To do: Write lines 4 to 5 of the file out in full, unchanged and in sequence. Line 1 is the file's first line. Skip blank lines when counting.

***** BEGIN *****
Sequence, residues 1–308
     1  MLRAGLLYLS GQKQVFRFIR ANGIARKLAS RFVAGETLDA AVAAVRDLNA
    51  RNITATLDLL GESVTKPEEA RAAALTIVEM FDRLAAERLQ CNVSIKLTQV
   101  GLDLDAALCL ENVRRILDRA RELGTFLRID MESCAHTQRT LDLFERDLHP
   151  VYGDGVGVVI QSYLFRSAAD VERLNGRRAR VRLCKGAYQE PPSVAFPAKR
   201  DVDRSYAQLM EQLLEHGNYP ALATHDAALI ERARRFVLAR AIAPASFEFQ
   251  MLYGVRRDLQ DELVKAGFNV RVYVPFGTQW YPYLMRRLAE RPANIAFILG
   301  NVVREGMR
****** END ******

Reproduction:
   101  GLDLDAALCL ENVRRILDRA RELGTFLRID MESCAHTQRT LDLFERDLHP
   151  VYGDGVGVVI QSYLFRSAAD VERLNGRRAR VRLCKGAYQE PPSVAFPAKR